An effective approach to fleet procurement means attending to a number of vital subcategories. Fleet and logistics expert Ken Ballard looks at a number in this insightful blog. Many of these areas, he suggests, could provide significant cost savings to the savvy Procurement team. Fuel and maintenance costs, for example, could present countless opportunities to drive down costs, eliminate inefficiencies, and find additional soft cost value adds. 

How to Get a Best-in-Class Procurement Organization from Day 1: Buy It. 
Building mature Procurement organizations takes time and effort. For immature teams, the process is even more arduous. Organizations tend to forget just how many moving parts they'll need to address if they want to carry out a full transformation. Senior Analyst Ben Duffy suggests these organizations consider identifying a partner who can provide them with a turnkey Procurement solution. Partnered with such a firm, they'll realize ROI more quickly and avoid unnecessary headaches. 

Any child with an active imagination is familiar with the practice of turning disposable pieces of cardboard into thrilling tools of adventure. From playing house in an empty refrigerator box to swordfighting with the tubes inside used paper towel rolls, kids know how to get creative when turning trash into paper playthings.

And now it seems that Amazon is soon going to provide them with templates for further experimentation.

The U.S. Patent Office recently granted the Seattle-based ecommerce giant a patent for a perforated parcel shipping container that can be repurposed into children's toys, ranging from a doll house to a rocket. Other patented images show how customers could cut on the dotted line and reassemble a cardboard box into an airplane, a monster truck or a sword and shield set. In addition to cardboard toys, there are also some more functional designs, including a tablet stand, a tote bag and a bookshelf.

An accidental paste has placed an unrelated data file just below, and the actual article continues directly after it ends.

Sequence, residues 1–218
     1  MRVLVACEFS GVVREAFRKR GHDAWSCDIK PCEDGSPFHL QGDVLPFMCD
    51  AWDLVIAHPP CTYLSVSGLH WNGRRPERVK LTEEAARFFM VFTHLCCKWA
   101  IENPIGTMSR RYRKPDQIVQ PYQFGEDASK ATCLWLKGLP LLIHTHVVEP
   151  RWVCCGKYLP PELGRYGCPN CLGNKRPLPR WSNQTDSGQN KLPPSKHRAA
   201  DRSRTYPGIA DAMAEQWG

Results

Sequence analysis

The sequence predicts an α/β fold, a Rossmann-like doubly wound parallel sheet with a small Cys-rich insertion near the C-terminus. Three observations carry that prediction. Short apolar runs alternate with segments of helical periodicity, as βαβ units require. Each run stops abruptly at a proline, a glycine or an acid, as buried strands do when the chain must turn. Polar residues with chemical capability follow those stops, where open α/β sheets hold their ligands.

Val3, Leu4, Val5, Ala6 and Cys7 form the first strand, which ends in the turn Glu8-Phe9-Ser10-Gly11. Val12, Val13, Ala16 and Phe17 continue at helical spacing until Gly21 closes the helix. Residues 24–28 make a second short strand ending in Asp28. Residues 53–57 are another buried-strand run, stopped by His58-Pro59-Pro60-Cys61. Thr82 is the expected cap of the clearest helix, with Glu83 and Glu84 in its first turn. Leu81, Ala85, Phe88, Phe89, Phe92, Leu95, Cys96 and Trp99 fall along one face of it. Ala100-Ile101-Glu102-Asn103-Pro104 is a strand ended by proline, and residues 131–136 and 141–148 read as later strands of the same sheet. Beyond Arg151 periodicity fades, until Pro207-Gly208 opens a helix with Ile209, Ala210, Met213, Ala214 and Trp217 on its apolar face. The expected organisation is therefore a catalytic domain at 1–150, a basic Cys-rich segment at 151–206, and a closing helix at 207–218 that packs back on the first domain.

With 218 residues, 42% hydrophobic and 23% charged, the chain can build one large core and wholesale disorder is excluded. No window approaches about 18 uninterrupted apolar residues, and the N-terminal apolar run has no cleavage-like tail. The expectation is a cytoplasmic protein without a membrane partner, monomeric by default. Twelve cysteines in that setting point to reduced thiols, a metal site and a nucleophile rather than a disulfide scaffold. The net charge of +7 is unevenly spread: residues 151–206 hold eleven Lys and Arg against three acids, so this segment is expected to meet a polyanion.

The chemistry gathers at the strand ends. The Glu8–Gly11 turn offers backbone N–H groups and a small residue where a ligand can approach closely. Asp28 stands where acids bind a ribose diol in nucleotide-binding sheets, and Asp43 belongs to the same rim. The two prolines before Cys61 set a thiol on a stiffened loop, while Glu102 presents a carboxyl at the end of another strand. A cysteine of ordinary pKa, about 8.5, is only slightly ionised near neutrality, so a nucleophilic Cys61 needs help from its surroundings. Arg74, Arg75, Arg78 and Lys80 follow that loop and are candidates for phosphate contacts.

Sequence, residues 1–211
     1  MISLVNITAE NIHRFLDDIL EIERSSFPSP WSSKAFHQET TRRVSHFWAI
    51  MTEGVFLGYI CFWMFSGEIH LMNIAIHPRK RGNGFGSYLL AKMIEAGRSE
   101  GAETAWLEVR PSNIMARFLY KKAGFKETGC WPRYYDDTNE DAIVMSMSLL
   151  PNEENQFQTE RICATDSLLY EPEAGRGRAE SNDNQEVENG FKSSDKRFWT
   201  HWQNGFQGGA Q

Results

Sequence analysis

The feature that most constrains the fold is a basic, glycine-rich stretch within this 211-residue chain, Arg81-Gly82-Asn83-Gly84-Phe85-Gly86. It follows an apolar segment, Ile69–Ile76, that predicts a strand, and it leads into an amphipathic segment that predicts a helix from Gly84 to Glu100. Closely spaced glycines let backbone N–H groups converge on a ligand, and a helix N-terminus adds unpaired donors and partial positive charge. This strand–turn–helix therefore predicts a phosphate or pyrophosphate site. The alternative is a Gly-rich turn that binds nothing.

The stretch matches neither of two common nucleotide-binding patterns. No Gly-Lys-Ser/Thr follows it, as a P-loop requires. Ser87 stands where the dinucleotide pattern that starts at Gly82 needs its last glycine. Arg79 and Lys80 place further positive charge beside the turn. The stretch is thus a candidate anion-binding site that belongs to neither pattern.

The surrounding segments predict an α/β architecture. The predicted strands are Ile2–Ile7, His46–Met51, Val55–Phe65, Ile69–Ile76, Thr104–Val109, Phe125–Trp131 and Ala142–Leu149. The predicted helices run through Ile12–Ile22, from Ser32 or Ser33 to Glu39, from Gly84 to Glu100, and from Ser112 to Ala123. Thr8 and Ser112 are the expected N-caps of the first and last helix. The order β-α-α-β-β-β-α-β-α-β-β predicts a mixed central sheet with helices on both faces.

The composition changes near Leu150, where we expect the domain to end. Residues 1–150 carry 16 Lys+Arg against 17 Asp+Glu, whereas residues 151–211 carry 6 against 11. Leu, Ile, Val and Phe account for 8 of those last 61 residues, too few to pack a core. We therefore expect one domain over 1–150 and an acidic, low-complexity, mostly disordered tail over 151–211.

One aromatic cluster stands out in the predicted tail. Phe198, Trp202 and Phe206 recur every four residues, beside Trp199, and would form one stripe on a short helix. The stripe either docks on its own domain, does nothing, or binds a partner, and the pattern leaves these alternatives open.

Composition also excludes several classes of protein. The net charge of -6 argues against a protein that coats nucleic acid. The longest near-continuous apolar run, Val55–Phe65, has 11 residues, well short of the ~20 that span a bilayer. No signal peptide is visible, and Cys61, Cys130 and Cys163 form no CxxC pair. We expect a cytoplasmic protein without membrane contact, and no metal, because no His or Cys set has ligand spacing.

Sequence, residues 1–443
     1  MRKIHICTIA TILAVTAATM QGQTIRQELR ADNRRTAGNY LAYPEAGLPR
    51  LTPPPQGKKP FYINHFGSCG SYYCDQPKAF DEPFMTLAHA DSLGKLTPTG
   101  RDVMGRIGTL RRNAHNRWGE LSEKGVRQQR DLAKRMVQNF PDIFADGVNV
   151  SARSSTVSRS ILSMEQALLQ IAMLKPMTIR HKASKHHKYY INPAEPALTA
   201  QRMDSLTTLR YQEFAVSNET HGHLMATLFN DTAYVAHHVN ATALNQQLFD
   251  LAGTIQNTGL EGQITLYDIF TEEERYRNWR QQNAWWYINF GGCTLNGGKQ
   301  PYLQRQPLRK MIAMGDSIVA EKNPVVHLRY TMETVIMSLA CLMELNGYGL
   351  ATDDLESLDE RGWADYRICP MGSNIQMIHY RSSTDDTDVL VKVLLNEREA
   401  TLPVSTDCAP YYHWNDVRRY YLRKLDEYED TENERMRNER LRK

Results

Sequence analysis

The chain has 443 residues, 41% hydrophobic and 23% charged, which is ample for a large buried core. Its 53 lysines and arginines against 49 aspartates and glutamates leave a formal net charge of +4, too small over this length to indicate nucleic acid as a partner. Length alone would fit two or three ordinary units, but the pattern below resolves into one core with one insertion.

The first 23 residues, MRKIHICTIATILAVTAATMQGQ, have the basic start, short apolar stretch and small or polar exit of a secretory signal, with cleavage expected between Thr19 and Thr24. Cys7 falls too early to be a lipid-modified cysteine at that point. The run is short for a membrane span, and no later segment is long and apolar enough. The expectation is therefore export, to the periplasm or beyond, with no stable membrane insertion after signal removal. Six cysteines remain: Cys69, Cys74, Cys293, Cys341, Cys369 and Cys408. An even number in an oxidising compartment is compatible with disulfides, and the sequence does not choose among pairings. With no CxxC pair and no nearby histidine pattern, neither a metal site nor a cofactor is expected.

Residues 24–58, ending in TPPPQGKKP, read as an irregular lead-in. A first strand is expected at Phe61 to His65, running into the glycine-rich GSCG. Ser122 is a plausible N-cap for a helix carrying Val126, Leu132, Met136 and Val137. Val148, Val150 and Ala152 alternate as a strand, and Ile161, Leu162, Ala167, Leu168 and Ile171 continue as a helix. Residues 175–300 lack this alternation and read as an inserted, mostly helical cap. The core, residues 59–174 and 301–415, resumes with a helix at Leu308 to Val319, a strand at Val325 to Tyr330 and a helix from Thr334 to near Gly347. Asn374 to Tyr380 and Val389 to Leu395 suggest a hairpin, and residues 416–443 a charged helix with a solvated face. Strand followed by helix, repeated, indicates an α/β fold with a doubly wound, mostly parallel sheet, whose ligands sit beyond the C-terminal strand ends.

If implemented, customers would be able to pick the toy or object design they prefer and have their
Amazon purchase shipped in the transformable box of their choice. Most of the patent design sketches include the words "brand awareness" printed on the cardboard, implying that the company could generate revenue from this repurposable packaging by selling sponsorship to businesses that want their logo plastered across a paper plane or tablet stand.

For children with active imaginations, cardboard is the stuff that dreams are made of. For children with active imaginations, cardboard is the stuff that dreams are made of.
In addition to "brand awareness" sales, Supply Chain Dive has speculated that a second revenue stream could be derived through the concept of collectibility. For example, if Amazon creates a series of designs for related individual toys, children may want to have one of each. Alternately, the company could create boxes that include individual pieces needed to construct a single object, forcing customers to order multiple boxes.